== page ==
Measuring Instruments

Giving Shape to Ideas

Precise Color Communication

Color is a matter of perception and subjective interpretation. Even if they are looking at the same object (in this case, an apple), people will draw upon different references and experiences and express the exact same color in vastly different words. Because there is such a wide variety of ways to express a color, describing a particular color to someone is extremely difficult and vague. If we describe the color of the apple to someone as "burning red", can we expect them to be able to reproduce that color exactly? Verbal expression of color is too complicated and difficult. However, if there was a standard method by which colors could be accurately expressed and understood by anyone, color communication would be much smoother, simpler, and exact. Such precise color communication would eliminate color-related problems.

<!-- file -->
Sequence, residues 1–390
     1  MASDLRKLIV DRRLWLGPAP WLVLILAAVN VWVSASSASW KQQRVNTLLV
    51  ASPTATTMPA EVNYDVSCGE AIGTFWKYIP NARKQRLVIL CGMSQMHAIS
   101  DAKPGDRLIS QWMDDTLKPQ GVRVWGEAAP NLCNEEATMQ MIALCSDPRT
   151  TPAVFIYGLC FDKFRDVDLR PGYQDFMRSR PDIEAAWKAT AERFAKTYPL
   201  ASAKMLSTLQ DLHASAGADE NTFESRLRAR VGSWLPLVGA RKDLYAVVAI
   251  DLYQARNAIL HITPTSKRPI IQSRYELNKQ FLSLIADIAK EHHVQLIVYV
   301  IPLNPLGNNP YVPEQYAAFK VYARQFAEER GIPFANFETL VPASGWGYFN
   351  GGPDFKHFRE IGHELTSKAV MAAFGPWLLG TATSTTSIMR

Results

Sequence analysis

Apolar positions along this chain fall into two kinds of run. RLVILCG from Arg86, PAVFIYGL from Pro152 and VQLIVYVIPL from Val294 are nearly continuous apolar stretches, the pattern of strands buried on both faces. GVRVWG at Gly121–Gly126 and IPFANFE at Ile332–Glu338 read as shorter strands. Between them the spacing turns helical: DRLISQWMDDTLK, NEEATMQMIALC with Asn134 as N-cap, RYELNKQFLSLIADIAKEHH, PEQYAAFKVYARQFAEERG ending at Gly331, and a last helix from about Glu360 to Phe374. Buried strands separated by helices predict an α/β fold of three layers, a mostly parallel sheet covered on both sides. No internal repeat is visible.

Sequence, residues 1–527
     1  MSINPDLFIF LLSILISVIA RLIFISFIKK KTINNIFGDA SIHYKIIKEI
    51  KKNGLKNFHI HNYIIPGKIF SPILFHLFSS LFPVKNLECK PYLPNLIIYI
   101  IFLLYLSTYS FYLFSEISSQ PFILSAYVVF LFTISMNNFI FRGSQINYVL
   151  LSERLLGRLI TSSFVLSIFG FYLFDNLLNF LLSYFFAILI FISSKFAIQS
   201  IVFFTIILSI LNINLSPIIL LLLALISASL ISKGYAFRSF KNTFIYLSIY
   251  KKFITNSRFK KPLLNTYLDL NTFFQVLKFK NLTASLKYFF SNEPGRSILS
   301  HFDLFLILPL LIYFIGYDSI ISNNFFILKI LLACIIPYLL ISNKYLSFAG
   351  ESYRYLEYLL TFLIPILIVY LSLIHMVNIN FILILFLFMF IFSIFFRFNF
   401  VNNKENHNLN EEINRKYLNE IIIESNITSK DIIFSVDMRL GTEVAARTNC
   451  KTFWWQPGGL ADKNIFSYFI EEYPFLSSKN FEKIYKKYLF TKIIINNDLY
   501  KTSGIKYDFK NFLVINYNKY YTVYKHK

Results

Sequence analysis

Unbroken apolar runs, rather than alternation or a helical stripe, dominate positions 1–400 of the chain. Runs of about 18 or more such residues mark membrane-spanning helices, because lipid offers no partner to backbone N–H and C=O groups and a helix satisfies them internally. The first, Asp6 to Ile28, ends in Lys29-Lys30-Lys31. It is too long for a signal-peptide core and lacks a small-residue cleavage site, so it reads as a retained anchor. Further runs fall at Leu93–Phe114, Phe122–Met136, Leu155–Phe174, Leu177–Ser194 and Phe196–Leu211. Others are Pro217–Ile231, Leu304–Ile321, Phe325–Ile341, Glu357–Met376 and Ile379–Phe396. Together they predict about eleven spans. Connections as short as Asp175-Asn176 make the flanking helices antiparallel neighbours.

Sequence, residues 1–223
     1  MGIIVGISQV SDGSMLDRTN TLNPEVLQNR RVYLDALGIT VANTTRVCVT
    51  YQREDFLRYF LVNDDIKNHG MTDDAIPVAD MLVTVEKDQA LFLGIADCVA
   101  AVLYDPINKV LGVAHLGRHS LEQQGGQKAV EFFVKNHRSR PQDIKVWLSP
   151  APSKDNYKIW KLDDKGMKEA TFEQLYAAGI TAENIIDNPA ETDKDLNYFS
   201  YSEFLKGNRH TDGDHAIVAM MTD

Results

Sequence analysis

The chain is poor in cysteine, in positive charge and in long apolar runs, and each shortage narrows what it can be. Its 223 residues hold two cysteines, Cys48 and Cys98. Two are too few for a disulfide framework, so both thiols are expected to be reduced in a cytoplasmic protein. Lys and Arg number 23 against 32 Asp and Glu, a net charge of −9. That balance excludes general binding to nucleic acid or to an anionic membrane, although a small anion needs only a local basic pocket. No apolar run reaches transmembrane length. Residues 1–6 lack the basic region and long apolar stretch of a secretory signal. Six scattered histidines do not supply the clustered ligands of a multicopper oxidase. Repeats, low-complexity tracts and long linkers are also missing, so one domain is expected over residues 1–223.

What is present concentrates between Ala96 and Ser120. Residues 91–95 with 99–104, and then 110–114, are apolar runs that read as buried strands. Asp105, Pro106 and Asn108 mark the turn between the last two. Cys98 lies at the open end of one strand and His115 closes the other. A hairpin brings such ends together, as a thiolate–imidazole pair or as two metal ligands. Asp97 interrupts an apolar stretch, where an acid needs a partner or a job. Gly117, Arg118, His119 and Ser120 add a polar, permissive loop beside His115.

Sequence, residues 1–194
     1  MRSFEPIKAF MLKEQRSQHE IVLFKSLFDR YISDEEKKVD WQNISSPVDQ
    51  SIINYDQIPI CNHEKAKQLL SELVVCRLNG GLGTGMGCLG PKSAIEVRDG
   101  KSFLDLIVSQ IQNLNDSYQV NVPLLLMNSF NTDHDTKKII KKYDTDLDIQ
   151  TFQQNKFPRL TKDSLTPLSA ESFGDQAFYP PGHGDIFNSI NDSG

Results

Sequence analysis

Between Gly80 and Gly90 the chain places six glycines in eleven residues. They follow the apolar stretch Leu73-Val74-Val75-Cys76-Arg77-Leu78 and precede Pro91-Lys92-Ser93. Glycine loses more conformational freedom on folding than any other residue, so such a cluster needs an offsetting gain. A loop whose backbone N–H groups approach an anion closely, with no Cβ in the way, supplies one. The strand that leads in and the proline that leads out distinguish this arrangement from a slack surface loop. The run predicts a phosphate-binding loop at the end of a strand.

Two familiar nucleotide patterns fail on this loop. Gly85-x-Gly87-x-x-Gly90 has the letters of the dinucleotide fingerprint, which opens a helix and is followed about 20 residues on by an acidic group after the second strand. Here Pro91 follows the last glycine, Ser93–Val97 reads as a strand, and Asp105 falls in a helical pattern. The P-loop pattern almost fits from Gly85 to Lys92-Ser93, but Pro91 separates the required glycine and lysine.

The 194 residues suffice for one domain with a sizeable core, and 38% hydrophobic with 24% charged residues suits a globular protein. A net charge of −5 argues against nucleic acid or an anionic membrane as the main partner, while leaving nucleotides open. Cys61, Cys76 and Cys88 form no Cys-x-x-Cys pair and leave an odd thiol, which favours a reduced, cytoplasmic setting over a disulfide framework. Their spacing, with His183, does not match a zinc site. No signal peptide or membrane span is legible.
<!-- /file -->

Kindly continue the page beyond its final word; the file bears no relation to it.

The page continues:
Words for expressing colors have always changed with the times. If we consider, for instance, the red we've been talking about, there are "vermillion", "cinnabar", "crimson", "rose", "strawberry", and "scarlet", to mention just a few. These are called common color names.
By analyzing the color condition and adding adjectives such as "bright", "dull", and "deep", we can describe the color a little more precisely. Terms such as the "bright red" used by the man on the facing page are called systematic color names. Although there are a variety of such ways to describe color, different people hearing just "crimson" or "bright red" will still interpret such expressions in different ways. So verbal expression of colors is still not accurate enough.
Then how should colors be expressed to avoid the possibility of misunderstanding?

Back to top